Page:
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chez moi, furnishing family history

From Habitat magazine - issue 05

Rose & Heather director Martin Bell reckons the best furniture is the kind that has a story attached to it.

“Good furniture lives in a family’s home for years and each piece ends up with its own special history that’s tied in with all the memories,” he explains.

Local furniture business Rose & Heather has been developing its own story for 30 years, since Martin’s in-laws Tim Heather and Lucille Rose realised their Warkworth tearooms were doing a rapid trade in Tim’s handcrafted wooden coffee tables. They switched cake for kauri and a successful furniture business was born.

Martin and his wife MaryJane (daughter of Tim and Lucille) now manage the day-to-day running of the company These days, they employ more than 40 staff, spread across retail outlets in Melbourne, Sydney and Auckland, and in the manufacturing workshop, which has recently grown by 30% to keep up with the growth. Ensuring supply keeps pace with demand isn’t always easy in the face of the company’s steady expansion, exacting standards and the fact all the furniture is crafted in its own workshop by their skilled staff. However, Martin believes in keeping the manufacturing in-house.

“It all makes a difference to our customers. They’re not going into an outlet to buy a piece of furniture; they’re buying from us and they know that we made it. We have people who bought their first piece of furniture from us 25 years ago and who are still coming to us. And now we’re even getting the second generation buying from us because Mum and Dad did.”

Rose & Heather furniture is crafted from ancient kauri, which is valued for its consistent high-quality density and grain, and its intense colour. Mined from Northland swamps, it results in finished pieces featuring rich cognac shades, rather than the more golden tones found in traditional kauri.

Get the stained timber look outside with Resene Kwila Timber Stain or Resene Woodsman.

“Some of the kauri we’re looking at can be up to 43,000 years old. We don’t know how much ancient kauri there is down there, but we know it can’t be an endless supply, so our customers are getting something really special,” says Martin.

While some of its original pieces were based on early Colonial designs, it has since shifted to a more classic style to suit a wider range of homes and tastes. “We learned that the simpler the product, the harder it is to date, and the hallmarks of our work are found in every piece. We are influenced by Swedish design, particularly from the 1780s, and by the work of American architect Frank Lloyd Wright, but the overall effect is clean and simple.”

The company’s four signature ranges – Trenail, Eden, Tumblehome and Newport – also owe some of their design features to the founding family’s love of all things nautical. Tim, an ex-naval officer, took inspiration from 16th century boat design, and Martin, a keen yachtsman, says the curves on some of the pieces mimic the shape of a boat’s hull. The Trenail range was actually named after and built using a traditional boat construction technique, where a wedge is driven into an exposed dowel to secure the timber instead of using nails.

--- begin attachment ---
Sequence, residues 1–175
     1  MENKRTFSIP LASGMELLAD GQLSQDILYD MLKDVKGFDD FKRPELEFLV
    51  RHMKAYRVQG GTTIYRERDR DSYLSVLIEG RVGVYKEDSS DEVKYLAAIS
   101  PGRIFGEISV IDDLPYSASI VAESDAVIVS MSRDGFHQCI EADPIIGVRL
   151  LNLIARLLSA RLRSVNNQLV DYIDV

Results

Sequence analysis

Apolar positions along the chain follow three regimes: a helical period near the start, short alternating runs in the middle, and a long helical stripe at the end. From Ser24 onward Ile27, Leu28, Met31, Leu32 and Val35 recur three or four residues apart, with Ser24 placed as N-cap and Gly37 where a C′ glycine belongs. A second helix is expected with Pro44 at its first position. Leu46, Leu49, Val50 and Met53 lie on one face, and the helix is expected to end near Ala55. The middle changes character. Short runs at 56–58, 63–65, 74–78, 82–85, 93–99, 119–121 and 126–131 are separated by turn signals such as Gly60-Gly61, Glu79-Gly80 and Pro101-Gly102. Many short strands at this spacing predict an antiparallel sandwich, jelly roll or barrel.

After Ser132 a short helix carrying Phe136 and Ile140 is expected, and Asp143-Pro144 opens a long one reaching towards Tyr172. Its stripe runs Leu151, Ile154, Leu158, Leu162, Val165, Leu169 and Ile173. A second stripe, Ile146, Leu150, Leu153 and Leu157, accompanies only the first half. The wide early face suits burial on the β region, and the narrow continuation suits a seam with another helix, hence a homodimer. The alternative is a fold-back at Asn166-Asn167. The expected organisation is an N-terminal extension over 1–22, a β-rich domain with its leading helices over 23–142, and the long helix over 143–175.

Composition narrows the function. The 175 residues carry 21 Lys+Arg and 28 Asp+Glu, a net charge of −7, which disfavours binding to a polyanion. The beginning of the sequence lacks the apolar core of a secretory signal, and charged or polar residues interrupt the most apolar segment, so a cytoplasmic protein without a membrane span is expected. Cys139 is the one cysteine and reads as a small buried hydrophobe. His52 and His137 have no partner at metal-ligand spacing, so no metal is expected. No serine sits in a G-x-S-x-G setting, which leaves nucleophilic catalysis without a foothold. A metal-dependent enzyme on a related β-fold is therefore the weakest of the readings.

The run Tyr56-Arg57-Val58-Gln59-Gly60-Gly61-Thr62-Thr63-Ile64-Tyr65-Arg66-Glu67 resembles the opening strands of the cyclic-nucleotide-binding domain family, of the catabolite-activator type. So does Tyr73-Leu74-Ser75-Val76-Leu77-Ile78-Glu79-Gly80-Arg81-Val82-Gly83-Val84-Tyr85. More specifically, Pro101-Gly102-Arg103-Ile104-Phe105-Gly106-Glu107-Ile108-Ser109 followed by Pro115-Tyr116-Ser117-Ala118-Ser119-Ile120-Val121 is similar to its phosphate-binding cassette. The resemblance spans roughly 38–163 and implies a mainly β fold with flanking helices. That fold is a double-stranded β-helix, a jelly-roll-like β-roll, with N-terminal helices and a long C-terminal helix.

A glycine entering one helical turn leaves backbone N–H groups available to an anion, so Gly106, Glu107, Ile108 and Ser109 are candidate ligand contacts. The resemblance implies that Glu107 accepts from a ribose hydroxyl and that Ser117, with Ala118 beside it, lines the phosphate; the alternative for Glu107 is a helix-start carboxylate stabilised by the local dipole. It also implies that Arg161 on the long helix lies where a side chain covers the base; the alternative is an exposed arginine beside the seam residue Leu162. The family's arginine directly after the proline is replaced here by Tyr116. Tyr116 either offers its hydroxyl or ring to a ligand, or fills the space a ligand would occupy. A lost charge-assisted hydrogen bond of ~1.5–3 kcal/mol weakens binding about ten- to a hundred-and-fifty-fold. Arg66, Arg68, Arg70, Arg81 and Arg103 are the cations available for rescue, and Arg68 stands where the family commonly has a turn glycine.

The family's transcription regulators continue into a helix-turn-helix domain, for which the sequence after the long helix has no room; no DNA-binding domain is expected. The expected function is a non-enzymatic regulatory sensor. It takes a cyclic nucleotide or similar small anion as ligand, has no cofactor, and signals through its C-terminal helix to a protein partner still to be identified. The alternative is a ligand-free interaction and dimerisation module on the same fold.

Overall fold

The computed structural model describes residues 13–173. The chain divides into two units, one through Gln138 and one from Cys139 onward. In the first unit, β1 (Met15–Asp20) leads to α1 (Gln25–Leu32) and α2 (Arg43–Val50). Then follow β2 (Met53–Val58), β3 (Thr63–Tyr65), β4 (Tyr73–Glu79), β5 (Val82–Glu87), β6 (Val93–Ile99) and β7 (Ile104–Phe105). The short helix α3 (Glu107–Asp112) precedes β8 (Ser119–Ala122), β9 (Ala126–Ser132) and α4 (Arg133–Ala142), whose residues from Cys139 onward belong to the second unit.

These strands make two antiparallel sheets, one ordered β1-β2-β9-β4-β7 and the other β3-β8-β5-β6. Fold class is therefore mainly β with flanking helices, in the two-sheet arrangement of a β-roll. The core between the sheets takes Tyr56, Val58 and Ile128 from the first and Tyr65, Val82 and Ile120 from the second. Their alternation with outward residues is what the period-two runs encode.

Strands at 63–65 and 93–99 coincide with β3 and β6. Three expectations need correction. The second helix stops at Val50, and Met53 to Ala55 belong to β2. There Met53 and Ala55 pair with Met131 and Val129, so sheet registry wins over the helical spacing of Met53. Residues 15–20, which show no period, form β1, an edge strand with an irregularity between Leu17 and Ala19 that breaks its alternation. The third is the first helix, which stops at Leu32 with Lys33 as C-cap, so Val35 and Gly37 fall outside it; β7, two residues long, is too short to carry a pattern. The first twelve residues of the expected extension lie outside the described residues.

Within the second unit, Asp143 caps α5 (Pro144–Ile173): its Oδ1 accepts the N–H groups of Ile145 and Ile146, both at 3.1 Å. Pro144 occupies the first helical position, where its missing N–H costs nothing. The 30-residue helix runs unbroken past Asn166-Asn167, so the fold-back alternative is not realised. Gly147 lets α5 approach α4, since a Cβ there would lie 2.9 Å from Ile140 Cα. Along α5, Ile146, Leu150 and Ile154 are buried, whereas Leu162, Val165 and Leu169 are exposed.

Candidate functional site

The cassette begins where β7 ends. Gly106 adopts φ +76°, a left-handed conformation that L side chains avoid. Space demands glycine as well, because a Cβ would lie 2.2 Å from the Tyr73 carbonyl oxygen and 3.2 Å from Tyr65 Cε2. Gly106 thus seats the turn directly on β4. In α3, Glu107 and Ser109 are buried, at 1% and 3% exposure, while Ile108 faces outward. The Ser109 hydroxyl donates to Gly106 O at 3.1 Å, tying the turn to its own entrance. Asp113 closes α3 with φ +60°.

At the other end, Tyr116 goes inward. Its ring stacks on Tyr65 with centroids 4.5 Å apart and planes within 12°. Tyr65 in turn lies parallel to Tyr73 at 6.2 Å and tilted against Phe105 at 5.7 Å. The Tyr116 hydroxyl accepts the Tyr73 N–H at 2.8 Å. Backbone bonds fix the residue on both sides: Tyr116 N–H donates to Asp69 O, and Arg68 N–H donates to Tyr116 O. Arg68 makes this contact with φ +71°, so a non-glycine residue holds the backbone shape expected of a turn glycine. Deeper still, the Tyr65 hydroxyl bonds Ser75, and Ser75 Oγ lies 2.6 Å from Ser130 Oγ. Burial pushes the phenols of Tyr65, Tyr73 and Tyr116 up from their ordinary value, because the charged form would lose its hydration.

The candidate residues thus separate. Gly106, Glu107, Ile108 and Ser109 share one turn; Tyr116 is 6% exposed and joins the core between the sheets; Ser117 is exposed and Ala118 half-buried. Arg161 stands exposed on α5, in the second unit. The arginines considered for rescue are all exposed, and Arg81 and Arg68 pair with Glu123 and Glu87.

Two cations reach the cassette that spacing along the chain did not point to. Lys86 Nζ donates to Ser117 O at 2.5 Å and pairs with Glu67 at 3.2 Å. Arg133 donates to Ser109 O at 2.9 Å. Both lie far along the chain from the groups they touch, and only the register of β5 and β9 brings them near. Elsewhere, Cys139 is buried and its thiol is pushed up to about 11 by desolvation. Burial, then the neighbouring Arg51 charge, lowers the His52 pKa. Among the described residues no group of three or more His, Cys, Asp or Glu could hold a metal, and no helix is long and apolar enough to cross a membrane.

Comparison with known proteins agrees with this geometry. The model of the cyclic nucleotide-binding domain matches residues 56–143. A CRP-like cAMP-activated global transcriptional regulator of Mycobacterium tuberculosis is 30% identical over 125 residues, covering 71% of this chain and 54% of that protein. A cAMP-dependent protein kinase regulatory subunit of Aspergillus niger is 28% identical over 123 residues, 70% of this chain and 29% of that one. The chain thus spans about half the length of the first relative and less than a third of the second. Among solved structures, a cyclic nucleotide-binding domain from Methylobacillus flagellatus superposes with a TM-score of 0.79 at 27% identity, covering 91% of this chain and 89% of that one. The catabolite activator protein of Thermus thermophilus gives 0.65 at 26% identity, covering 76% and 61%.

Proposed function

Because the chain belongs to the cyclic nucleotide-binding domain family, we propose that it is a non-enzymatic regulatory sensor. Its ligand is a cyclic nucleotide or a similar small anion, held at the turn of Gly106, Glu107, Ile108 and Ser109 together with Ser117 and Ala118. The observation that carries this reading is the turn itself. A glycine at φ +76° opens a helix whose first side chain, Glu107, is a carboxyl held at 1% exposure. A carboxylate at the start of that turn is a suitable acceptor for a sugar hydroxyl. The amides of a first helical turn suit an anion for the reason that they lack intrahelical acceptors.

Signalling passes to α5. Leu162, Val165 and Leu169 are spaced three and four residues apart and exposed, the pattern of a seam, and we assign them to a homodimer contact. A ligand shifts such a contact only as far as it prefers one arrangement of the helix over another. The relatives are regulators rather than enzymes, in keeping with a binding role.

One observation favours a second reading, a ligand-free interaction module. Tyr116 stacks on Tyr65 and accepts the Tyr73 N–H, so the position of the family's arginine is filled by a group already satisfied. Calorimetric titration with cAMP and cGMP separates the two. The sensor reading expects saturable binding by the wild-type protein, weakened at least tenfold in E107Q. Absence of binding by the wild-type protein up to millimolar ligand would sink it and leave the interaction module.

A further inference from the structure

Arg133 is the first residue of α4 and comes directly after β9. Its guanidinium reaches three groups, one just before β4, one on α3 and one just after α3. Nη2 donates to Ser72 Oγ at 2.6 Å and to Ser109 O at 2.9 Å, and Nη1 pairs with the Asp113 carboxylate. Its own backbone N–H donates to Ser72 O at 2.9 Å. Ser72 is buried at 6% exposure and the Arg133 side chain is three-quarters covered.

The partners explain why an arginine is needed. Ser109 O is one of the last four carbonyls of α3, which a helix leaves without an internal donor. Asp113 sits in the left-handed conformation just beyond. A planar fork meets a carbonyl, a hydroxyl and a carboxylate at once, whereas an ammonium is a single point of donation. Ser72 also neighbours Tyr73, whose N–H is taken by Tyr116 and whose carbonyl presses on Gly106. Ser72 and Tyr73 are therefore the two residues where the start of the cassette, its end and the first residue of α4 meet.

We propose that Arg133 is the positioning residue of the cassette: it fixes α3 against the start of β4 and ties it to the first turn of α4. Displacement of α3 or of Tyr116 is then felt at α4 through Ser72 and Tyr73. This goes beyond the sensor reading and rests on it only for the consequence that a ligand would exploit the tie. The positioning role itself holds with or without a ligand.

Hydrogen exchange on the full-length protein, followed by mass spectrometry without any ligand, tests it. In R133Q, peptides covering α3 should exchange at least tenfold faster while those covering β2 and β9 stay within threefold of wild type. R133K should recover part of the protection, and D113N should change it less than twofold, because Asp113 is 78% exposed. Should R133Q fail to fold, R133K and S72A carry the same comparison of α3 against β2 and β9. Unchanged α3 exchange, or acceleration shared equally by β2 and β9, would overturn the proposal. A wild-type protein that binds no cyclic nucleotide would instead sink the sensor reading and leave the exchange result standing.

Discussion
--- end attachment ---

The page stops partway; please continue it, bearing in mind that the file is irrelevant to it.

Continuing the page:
And consultants from the Auckland store are currently managing the interior design for a 24-berth boat, selecting everything from the furniture to the cutlery and the carpet. For a boat-lover, that’s a dream job, but Martin says that, special projects aside, he loves the furniture business. “I think it’s so cool that people trust us with something that they’re probably going to have in their home forever.”

In Martin and MaryJane’s own family home in Ponsonby, it’s not all Rose & Heather furniture, but it all tells a story. Taking pride of place is the dining table, which came out of an old naval vessel on which Tim Heather once served as an officer. Their home – and those of their relatives – also houses a lot of Rose & Heather prototype pieces.

“Prototypes are fraught with faults, because of all the perfecting that goes on and the detailed hand-finishing, but they’re so labour intensive, and because they’re the original piece, they generate a history from the time they’re created. They’re just one of those charming things,” says Martin.

And the family home serves as a great testing ground for furniture too.

“Every item in our home has to stand up to the rigours of everything our two boys can throw at it!”

The ability to stand up to life’s hard knocks was also a factor when it came to deciding on the home’s colour scheme and flooring. The house, which is a double square-bay villa with a return verandah, is finished in dark grey on the weatherboards, with white detailing.

Inside, silvers and greys feature strongly. Resene Black White is used for the trim and ceilings throughout the house, while the charcoal Resene Jimmy Dean, with a silver paint finish, lends a point of difference to the ceiling detail in the formal sitting room. The kitchen and library feature the lighter tones of full- and half-strength Resene Craigieburn.

“I think your home is your sanctuary, and its colours and interior themes should reflect that. It makes me laugh when I hear people talking about overcapitalising on their house – if it makes your family feel happy and secure, then I don’t think you need to worry,” says Martin.

words: Melanie Cooper
pictures: Kallan MacLeod

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